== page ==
Assured shorthold tenancy (AST)

This is the most common type of tenancy. A tenancy is highly likely to be an AST if it has been entered into recently because most new tenancies are automatically deemed to be ASTs.

An AST always begins with a fixed term, which is usually 6 or 12 months. The length of the fixed term can be found in the tenancy agreement and is usually 6 or 12 months. This is where the term ‘assured’ derives from because the tenancy is guaranteed for this period.

An AST must have the following features:

  • The rented property must be private.
  • The tenancy must have started after 15 January 1989.
  • The rented property is the tenant’s main accommodation.
  • The landlord does not live in the property.

A tenancy cannot be an AST if:

  • it started, or was agreed, before 15 January 1989;
  • the rent is more than £100,000 a year;
  • the rent is less than £250 a year, or £1,000 in London;
  • the rent relates to a business or licenced premises;
  • the property is a holiday let; or
  • the landlord is the council.

Excluded tenancy

An excluded tenancy exists where the tenant lives with the landlord and shares rooms with landlord such as a bathroom, kitchen or living room. This type of tenancy does not offer as much protection as an AST and makes it easier for a landlord to evict a tenant.

Assured tenancy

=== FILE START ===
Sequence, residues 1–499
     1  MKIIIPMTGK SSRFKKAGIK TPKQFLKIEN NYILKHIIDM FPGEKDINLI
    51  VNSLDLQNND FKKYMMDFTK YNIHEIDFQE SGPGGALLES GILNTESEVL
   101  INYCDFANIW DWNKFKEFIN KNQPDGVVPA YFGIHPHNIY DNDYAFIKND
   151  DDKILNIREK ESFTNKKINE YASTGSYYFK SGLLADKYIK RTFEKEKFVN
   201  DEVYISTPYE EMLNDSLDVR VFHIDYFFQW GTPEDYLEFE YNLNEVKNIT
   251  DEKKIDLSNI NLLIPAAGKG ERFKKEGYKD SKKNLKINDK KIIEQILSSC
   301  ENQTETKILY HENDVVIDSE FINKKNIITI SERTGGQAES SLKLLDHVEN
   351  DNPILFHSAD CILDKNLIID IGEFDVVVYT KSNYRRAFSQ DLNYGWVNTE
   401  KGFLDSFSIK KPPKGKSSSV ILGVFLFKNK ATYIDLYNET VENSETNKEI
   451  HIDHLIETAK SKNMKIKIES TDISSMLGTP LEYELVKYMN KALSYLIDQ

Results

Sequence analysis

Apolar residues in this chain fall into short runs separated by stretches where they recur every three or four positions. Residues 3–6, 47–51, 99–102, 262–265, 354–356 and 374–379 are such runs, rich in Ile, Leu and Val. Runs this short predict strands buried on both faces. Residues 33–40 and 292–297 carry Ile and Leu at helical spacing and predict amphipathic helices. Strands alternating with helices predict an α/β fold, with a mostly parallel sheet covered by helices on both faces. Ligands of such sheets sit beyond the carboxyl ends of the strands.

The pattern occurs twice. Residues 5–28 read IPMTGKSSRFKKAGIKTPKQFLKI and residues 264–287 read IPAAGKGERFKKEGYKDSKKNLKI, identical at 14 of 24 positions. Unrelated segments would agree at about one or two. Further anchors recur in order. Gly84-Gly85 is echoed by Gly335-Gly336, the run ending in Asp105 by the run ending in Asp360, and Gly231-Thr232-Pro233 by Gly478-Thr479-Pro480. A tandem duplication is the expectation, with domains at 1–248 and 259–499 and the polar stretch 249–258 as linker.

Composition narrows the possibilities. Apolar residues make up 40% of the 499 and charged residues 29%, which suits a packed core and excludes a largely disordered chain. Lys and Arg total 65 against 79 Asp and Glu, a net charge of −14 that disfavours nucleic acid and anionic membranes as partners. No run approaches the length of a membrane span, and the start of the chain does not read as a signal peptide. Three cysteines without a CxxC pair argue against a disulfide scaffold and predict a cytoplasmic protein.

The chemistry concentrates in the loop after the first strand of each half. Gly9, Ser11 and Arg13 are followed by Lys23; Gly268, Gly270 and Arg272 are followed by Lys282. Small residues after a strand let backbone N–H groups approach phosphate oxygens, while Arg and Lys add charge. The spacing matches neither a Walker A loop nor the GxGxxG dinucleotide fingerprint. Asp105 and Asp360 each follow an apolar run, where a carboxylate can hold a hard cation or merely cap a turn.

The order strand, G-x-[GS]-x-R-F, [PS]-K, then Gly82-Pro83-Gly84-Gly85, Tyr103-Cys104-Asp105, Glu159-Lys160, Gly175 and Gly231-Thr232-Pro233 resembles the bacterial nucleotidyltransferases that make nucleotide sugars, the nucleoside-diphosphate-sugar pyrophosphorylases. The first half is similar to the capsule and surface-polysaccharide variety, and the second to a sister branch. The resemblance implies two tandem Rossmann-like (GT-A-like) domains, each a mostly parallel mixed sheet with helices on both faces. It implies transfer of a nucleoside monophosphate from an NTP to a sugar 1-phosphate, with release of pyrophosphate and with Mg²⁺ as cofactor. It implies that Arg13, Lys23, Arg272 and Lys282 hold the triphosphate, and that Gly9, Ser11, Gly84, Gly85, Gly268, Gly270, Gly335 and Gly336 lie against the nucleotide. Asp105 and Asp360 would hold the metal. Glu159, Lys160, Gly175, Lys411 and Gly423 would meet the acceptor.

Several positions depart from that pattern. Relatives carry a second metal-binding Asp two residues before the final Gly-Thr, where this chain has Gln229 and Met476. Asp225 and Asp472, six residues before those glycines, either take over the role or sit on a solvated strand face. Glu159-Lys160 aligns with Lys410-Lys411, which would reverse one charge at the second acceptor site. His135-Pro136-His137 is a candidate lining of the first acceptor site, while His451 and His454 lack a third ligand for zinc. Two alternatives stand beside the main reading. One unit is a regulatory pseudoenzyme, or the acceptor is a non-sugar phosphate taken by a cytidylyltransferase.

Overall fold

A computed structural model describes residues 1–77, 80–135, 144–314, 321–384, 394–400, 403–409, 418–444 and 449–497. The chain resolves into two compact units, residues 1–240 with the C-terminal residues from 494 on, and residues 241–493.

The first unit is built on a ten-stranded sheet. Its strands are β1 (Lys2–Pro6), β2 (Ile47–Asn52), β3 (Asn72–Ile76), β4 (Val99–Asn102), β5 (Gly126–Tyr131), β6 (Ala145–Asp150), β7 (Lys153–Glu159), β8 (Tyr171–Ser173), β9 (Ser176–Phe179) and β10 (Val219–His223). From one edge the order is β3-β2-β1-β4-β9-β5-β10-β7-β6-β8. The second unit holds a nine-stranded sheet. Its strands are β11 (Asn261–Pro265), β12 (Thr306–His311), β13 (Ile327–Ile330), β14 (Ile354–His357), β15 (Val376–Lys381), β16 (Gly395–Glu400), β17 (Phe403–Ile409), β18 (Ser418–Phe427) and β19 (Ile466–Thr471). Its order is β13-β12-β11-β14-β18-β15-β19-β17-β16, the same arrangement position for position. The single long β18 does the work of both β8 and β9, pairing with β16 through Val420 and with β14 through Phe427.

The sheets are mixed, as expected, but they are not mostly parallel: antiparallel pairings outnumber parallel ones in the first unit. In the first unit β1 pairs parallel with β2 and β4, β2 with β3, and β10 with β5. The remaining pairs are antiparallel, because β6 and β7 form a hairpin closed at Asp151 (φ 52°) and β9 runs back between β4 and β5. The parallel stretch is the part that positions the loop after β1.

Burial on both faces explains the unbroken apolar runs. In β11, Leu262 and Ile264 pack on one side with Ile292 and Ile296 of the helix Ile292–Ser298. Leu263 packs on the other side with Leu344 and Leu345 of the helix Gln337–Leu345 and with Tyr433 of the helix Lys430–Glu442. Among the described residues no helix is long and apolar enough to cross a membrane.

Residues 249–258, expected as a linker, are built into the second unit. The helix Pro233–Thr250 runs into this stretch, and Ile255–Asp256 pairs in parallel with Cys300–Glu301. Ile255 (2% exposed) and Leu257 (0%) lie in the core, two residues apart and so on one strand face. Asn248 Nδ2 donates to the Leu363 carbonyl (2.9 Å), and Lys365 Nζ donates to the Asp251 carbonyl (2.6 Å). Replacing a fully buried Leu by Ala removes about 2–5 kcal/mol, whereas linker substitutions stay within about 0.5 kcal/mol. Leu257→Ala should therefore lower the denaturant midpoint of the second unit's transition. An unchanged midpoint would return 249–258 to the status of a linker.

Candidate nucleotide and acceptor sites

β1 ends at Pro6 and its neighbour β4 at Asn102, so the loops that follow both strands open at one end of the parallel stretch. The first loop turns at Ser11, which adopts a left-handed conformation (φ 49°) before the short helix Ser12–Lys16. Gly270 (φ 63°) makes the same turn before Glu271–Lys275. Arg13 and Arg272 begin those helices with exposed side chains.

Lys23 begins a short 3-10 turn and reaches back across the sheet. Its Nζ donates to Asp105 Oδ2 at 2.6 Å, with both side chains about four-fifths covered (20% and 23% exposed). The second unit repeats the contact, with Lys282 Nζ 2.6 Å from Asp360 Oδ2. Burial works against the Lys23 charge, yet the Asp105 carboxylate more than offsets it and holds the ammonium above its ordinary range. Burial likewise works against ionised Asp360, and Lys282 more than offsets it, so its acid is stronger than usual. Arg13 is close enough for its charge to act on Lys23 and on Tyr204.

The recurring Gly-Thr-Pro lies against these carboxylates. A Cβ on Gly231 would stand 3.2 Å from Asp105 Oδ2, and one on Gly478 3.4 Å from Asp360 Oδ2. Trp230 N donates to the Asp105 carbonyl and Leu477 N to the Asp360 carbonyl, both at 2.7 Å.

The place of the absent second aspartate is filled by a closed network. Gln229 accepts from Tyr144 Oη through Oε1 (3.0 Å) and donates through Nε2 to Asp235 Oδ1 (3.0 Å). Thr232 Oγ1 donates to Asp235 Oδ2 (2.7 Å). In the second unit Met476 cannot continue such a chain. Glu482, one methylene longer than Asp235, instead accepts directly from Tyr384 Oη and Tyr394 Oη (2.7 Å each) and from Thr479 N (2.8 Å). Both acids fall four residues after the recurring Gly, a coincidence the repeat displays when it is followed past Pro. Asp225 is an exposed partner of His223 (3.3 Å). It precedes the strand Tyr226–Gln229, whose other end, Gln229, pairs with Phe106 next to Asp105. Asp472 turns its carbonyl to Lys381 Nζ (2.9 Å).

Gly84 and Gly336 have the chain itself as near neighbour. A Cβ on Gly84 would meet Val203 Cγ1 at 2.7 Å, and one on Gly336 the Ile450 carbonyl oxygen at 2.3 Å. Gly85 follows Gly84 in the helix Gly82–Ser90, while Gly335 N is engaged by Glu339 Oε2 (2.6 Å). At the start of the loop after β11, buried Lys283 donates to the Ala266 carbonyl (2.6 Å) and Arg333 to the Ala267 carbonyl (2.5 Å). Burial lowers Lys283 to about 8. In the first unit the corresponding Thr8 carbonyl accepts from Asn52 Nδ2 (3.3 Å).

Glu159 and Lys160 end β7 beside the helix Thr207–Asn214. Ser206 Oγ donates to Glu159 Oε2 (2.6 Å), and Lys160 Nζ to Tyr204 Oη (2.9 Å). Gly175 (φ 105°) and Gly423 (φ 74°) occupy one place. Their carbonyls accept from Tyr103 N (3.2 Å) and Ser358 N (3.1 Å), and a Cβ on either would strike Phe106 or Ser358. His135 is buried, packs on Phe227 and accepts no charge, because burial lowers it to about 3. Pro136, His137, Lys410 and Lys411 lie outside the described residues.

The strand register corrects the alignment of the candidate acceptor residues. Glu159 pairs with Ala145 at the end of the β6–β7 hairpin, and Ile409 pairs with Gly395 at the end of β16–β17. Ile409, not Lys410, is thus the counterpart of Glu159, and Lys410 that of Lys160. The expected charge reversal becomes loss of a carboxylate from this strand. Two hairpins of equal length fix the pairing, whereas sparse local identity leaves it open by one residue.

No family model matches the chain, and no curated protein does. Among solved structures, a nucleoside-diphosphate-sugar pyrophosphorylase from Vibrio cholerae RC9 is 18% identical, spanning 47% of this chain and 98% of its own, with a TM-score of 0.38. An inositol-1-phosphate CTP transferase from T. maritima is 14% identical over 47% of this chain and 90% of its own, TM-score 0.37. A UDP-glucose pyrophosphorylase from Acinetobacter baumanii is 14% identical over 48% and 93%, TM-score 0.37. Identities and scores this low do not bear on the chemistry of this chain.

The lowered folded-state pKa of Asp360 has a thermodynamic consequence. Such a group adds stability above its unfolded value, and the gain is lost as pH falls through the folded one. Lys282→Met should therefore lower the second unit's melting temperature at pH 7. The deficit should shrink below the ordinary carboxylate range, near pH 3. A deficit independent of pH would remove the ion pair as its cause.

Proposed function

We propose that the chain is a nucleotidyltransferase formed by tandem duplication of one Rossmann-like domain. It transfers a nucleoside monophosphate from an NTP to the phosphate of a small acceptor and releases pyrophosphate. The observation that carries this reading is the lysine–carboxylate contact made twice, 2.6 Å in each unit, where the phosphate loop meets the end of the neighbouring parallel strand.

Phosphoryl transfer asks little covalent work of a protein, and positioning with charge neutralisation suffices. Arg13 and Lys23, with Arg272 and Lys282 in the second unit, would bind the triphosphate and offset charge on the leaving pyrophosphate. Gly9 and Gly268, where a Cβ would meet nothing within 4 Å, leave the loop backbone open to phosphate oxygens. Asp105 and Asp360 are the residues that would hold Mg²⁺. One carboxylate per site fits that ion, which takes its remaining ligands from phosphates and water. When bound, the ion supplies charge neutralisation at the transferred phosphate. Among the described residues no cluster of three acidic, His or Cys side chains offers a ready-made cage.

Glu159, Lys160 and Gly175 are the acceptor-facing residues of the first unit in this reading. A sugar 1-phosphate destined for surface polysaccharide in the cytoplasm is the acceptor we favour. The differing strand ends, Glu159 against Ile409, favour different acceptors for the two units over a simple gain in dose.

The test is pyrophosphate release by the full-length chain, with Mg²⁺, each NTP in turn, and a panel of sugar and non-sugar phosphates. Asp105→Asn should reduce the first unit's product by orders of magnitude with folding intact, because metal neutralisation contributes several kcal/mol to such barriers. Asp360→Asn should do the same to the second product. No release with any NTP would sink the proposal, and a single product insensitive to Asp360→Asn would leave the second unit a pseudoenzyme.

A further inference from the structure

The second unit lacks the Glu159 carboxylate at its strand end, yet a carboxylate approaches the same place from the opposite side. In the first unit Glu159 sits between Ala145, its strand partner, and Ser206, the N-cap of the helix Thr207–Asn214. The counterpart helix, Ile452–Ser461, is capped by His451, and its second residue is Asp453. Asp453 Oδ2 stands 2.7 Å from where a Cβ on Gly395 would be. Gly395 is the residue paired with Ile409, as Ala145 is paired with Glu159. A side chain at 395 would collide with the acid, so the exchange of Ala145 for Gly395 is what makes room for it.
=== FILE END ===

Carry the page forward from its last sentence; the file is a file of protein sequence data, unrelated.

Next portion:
An assured tenancy is different to an AST in that it is more difficult for a landlord to evict an assured tenant.

An assured tenancy exists where:

  • the tenant rents a private property;
  • the tenancy started after 15 June 1989 but before 27 February 1997; and
  • the landlord did not state it was an AST.

However, it is possible for an assured tenancy to exist even where it started after 27 February 1997. This is usually when the landlord states that it is an assured tenancy or where the tenant previously had an assured tenancy with the same landlord for the same property.

Regulated tenancy

A regulated tenancy is where the tenancy started before 15 January 1989. Regulated tenants have strong tenancy rights and pay what is known as ‘fair rent’. Fair rent is less than the market rate and is set by a rent officer at the Valuation Office Agency.

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